Baseball Crank
Covering the Front and Back Pages of the Newspaper
August 26, 2009
POLITICS: Ted Kennedy, Workhorse Lawmaker

It is traditional, upon the passing of an important and famous person - however controversial - to find some good words to say. This is not an easy task in the case of Ted Kennedy, a man whose personal life ranged from alcoholism to debauchery to sexual harrassment to (sadly, uncharged) second-degree murder, and whose public career entailed the embrace of nearly every foolish, ruinous and cruel political idea of the past five decades and whose most enduring legacy is installing the bitterly polarized modern Supreme Court confirmation process.

But a few words are nonetheless in order to recognize the man's work. Ted Kennedy arrived in the Senate in 1962, as soon as he was Constitutionally old enough to serve; aside from a Korean War-era non-combat tour in the Army, it was his first real job. Kennedy was a young man with fame, glamor and a fair amount of his family's natural charm, but had done nothing of distinction with his life to that point; he'd inherited the seat as effectively a family heirloom, and a review of his life to that point - such as being suspended from college for cheating and a reckless driving arrest for leading cops on a 90 mph chase while in law school - would hardly have suggested a man likely to take seriously the work of a United States Senator.

Kennedy at that point could have taken a number of different turns. He could have become a Senate showhorse, making the rounds giving speeches and national TV appearances and doing little real work. He could have become one of Capitol Hill's time-markers, coasting to re-elections while using his office as just a prop for the exhausing, booze-and-flooze nightlife he pursued for so many years. He could have decided that fame and glamor meant he deserved to run for President at the first available opportunity, and stayed far away from any of the real and often controversial work of making laws.

To Kennedy's credit, he did none of those things. He hired the most aggressive, competent staffs on the Hill and immersed himself in the daily business of making laws. Boring bill markups, blathering conferences, wicked hangovers; Kennedy took them all and kept working, working even to the end. He learned how the sausage was made and the deals done, and made quite a lot of it himself. He waited 18 years to run for President, and did so only after compiling an extensive record of actual accomplishment in the Senate.

Kennedy's influence waned after his unsuccessful 1980 run; that year ushered in an era in which Republicans controlled the White House for 20 of the next 28 years, and more or less controlled the Senate (to the extent the Senate is "controlled" by the majority party) for the better part of 17 of those 28 years. But with key committee seats and an energetic staff, he remained a player in important legislative business to the end, whether forging successful bipartisan compromises (as with No Child Left Behind in 2001) or fighting for unsuccessful ones (the McCain-Kennedy immigration bill, which failed even with the backing of President Bush). The harshness of Kennedy's partisan rhetoric never left him unable to figure out how Beltway Republicans ticked and how to get them to the bargaining table; Republicans who worked with him testify unanimously to his Irish charm and personal grace.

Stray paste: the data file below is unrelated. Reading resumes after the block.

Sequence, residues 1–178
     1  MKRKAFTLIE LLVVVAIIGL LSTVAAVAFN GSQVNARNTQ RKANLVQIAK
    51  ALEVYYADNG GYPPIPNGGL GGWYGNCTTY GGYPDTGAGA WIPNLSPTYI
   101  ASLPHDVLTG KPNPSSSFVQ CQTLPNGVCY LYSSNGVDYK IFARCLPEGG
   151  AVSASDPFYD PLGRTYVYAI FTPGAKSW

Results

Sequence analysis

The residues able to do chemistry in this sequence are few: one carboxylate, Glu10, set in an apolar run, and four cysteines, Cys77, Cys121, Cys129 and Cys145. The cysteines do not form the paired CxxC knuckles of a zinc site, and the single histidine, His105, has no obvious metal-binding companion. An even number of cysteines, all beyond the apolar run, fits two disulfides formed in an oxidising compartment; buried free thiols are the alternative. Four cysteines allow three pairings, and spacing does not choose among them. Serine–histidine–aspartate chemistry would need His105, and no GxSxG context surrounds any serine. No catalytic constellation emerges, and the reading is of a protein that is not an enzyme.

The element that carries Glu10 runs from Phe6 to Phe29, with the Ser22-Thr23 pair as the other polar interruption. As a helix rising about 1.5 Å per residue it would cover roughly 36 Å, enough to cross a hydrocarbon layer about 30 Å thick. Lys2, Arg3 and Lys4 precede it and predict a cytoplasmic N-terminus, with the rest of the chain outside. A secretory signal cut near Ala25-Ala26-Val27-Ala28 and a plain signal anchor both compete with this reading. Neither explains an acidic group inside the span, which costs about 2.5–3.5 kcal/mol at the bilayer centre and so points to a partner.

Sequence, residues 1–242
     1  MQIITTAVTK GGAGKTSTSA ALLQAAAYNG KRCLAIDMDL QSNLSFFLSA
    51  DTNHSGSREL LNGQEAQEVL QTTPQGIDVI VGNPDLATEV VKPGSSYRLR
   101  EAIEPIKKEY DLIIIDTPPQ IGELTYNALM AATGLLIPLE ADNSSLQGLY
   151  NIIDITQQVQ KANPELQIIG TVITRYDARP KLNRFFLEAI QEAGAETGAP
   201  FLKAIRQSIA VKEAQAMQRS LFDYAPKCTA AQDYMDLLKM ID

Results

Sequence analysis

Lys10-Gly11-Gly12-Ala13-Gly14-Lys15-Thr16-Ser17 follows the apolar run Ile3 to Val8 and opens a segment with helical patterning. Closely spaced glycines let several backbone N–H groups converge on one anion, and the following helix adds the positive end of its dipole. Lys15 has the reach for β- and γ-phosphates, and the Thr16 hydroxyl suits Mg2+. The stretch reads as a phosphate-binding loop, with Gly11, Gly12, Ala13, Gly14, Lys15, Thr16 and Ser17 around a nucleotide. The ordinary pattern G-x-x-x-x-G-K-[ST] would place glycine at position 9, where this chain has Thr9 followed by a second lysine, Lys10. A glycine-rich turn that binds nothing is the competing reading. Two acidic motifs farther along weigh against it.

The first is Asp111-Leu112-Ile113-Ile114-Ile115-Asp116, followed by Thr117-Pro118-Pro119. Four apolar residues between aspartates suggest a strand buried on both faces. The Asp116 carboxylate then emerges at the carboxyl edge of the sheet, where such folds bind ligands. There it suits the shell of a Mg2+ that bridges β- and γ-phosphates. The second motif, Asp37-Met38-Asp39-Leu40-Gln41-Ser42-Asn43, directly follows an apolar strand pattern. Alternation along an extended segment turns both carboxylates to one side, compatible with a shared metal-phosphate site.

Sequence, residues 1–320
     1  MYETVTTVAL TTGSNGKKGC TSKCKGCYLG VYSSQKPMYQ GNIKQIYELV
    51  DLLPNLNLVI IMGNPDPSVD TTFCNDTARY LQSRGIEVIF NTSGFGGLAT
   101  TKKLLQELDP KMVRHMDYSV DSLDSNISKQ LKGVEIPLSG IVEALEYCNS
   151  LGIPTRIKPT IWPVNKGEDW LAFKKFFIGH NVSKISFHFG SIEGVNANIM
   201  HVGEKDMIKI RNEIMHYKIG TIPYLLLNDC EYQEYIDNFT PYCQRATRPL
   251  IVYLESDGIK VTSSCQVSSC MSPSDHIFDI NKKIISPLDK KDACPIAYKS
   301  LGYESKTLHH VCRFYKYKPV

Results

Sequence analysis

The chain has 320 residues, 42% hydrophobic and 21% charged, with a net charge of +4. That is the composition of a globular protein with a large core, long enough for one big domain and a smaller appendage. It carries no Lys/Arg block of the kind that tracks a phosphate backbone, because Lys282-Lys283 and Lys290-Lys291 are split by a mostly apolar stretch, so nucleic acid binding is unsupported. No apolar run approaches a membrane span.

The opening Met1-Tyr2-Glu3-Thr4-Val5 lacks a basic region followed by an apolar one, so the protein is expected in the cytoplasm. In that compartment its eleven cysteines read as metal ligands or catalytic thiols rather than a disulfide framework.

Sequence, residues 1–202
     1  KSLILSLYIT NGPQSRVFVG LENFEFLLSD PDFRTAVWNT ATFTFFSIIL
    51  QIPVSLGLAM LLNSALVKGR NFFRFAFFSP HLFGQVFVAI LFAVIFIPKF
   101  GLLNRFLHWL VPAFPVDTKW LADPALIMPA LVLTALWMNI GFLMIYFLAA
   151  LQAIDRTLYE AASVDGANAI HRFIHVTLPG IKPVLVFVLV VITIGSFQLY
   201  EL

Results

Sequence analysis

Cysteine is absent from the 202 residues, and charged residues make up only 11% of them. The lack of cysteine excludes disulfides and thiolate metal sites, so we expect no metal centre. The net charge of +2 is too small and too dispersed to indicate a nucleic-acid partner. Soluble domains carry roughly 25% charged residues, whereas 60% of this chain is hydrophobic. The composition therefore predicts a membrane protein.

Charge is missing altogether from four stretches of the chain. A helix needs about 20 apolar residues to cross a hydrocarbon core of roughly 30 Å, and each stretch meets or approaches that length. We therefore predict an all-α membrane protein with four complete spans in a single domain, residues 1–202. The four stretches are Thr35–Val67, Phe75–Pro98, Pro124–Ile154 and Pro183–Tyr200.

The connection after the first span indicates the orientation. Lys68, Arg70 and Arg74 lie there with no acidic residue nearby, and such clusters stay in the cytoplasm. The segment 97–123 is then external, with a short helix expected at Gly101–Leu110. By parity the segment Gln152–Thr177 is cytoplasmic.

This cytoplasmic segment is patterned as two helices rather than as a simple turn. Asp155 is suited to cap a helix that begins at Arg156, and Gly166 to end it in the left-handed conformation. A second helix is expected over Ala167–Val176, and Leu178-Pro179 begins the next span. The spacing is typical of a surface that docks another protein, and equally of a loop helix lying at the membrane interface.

Kennedy's career could have been a cautionary tale for our current president, who might not have found himself in quite the fix he is in at the moment if he'd followed Ted's example, bided his years, spent more time in the trenches doing the unglamorous work of legislating and taking the hard punches that must be taken to sell the product to the public, learning how the system works, why it works and who makes it work. Most of the changes Ted Kennedy made in this nation over his career were change for the worst - but he did, over time, make real change because he worked at it instead of just saying the word "change" and hoping it would be so.

Posted by Baseball Crank at 9:46 AM | Politics 2009 | Comments (35) | TrackBack (0)

I think you hit the nail on the head. There are workhorse legislators and there is showhorse legislators (see John Kerry, John Edwards, O'bumbler) He was a workhorse. The work he did and the results therof are a different story. Surprisingly, he was recently listed by fellow senators as the senator most likely to draft bi-partisan legislation with.

Posted by: dch at August 26, 2009 11:35 AM

You started the post with these words: "It is traditional, upon the passing of an important and famous person - however controversial - to find some good words to say."

And then you spent the two and a half paragraphs shitting all over him.

I, too, have issues with TK, but, mostly, your post does not speak well of *you*.

Posted by: Dave at August 26, 2009 11:47 AM


If the President is "just saying the word 'change' and hoping it would be so," why do all the wing nuts have their knickers in a knot, seeing nazis, socialists and all other bogeymen?

I thought your post was unusally (for you) balanced and fair, at least until the last, gratuitous shot at the President.